Since at this point in your knitting journey you might be contemplating knitting your first sweater or “real” garment, here’s a little miniseries on the lessons I learned when knitting my first sweater, and tips on how to make your experience much smoother.
One of my favorite things to do when I teach knitting is to save my students from a lot of the grief I went through when I learned certain techniques for the first time.
Since at this point in your knitting journey you might be contemplating knitting your first sweater or "real" garment, here's a little miniseries on the lessons I learned when knitting my first sweater, and tips on how to make your experience much smoother.
Oh, and I'll show you a photo of my first sweater at the end of the series. Prepare yourself.
Tips for Knitting Your First Sweater
Your first sweater is an exciting milestone in your knitting journey. It signifies that you are ready to take on new challenges, and you will certainly learn a lot, especially if you have an open mind and decide to learn from all of your mistakes, which I hope you make many of.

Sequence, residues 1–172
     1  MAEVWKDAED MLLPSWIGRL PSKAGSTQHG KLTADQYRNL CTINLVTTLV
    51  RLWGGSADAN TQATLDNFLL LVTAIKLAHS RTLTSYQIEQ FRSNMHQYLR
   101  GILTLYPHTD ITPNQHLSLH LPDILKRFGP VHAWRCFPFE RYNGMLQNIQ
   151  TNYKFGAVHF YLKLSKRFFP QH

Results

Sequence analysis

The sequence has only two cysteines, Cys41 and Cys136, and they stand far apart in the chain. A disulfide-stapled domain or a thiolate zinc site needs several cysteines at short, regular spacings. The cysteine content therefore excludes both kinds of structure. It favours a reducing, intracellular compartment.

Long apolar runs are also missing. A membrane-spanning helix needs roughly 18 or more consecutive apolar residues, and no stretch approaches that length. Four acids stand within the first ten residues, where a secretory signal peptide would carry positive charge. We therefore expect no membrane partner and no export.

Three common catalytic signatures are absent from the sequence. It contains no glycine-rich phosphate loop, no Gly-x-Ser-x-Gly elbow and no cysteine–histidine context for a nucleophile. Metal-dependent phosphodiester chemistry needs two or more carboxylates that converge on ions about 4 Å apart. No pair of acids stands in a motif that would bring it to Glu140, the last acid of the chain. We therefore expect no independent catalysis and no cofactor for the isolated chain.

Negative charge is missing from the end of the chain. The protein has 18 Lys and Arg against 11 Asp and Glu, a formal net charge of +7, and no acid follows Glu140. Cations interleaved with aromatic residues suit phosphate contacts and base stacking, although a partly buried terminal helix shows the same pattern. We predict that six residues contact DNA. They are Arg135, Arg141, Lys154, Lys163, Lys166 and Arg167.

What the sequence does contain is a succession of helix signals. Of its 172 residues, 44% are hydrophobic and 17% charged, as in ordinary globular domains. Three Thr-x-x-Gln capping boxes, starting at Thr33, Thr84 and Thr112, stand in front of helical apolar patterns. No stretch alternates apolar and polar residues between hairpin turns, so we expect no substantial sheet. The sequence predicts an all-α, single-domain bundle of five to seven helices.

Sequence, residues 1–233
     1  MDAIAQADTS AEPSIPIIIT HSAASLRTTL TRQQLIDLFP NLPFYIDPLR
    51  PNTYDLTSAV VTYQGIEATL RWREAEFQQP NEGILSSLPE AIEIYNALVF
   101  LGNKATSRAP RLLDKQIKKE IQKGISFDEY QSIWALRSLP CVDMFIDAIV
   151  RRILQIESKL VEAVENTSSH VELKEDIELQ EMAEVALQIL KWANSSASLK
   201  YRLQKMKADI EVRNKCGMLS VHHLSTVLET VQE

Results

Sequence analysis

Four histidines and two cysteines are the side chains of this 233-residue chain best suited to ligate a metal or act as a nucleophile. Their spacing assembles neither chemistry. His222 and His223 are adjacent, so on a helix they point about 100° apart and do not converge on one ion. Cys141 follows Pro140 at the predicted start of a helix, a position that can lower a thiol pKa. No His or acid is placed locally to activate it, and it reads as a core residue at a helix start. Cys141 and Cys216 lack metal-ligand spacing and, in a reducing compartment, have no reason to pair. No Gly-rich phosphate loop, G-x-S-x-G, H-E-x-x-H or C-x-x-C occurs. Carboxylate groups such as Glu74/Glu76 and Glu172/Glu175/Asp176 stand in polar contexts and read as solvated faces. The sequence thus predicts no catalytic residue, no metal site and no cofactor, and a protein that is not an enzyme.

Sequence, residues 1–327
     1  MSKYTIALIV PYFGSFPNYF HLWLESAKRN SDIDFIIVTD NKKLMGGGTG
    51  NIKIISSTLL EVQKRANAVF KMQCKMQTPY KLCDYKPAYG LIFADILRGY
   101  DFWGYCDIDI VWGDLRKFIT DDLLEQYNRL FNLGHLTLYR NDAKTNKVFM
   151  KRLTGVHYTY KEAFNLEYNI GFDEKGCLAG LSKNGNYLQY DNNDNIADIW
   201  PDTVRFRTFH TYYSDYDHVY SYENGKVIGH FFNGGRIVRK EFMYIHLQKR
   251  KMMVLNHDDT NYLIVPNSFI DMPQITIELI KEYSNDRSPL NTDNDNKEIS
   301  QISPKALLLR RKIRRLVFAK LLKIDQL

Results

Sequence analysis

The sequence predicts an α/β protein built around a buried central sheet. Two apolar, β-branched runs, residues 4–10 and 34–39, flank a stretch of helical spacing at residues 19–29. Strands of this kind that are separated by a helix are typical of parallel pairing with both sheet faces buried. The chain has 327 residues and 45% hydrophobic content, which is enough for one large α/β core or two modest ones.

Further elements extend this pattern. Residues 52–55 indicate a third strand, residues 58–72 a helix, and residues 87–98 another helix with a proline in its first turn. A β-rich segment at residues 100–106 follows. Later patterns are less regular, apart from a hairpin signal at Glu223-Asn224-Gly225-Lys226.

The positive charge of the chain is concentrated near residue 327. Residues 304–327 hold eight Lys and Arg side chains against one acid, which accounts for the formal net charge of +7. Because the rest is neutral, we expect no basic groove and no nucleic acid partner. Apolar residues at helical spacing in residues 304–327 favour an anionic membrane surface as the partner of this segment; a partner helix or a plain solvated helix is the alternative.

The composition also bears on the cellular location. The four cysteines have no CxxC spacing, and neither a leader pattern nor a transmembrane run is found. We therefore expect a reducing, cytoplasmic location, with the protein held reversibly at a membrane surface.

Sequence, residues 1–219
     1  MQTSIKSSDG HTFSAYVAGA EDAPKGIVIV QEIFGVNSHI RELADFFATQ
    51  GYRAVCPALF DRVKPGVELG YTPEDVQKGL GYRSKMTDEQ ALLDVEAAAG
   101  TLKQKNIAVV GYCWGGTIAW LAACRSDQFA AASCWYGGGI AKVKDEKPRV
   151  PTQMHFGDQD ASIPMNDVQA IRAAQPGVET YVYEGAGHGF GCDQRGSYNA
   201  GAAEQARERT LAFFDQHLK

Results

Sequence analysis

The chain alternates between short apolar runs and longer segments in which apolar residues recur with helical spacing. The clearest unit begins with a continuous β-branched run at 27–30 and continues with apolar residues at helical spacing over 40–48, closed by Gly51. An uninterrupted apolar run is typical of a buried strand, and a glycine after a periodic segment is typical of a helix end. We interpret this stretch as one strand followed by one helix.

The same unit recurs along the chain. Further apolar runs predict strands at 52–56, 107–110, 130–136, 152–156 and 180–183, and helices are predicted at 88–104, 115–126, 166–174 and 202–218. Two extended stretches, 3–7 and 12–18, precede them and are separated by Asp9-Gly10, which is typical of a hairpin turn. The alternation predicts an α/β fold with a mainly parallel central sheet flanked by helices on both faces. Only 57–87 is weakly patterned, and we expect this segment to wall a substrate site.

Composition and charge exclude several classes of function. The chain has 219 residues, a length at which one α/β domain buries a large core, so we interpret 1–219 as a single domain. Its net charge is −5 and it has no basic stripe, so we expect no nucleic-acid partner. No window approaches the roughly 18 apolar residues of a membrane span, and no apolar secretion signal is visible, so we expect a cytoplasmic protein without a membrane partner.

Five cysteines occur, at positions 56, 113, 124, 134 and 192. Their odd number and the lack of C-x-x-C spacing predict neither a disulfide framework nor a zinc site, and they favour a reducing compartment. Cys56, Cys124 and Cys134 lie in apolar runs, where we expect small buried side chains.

The first thing to keep in mind is: know that your first sweater might not be very good.
I suggest that you do not knit your very first sweater for your spouse or for a gift that has a deadline, like a graduation, because you'll need to take all the time you need in order to mess up, try again and really learn as you go.
My first sweater was absolutely terrible and that hasn't stopped me. I learned a lot but I certainly don't wear it.
Choosing the Pattern
When I chose my first sweater pattern, I fell in love with the picture on the pattern booklet: a stick-thin waif, hands dangling over her head, posed in a huge, baggy, cream-colored sweater, amidst a flock of sheep. "That's what I want!" I said, and promptly bought 10 balls of Brown Sheep Bulky Superwash in a sort of oatmeal color.
Unfortunately for my sweater experience, I am neither a stick-thin waif, nor does oatmeal color look good on me. A recipe for disappointment, for sure.
To help you understand what shape of sweater to make, take a look at the kinds of sweaters that you already own and that you like, especially noticing the neckline and general fit.
Neckline: Are your favorite sweaters V-necks? Turtlenecks? Scoop necks?
Fit: Are your favorite sweaters tight and fitted or are they loose and comfortable?
These attributes will give you a clue as to what kind of first sweater you should knit for yourself.
Up next: choosing the right sweater size and the right color of yarn.